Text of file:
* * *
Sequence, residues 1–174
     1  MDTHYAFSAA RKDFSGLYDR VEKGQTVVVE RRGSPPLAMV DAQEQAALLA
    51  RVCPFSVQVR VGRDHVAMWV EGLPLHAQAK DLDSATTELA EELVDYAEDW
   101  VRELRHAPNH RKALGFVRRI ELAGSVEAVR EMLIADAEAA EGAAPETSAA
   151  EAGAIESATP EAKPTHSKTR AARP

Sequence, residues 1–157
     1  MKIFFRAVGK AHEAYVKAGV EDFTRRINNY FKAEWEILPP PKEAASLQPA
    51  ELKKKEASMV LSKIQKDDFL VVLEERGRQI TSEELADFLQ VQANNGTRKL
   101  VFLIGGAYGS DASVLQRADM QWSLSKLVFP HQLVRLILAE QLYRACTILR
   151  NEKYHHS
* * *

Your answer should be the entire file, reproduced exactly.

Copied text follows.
Sequence, residues 1–174
     1  MDTHYAFSAA RKDFSGLYDR VEKGQTVVVE RRGSPPLAMV DAQEQAALLA
    51  RVCPFSVQVR VGRDHVAMWV EGLPLHAQAK DLDSATTELA EELVDYAEDW
   101  VRELRHAPNH RKALGFVRRI ELAGSVEAVR EMLIADAEAA EGAAPETSAA
   151  EAGAIESATP EAKPTHSKTR AARP

Sequence, residues 1–157
     1  MKIFFRAVGK AHEAYVKAGV EDFTRRINNY FKAEWEILPP PKEAASLQPA
    51  ELKKKEASMV LSKIQKDDFL VVLEERGRQI TSEELADFLQ VQANNGTRKL
   101  VFLIGGAYGS DASVLQRADM QWSLSKLVFP HQLVRLILAE QLYRACTILR
   151  NEKYHHS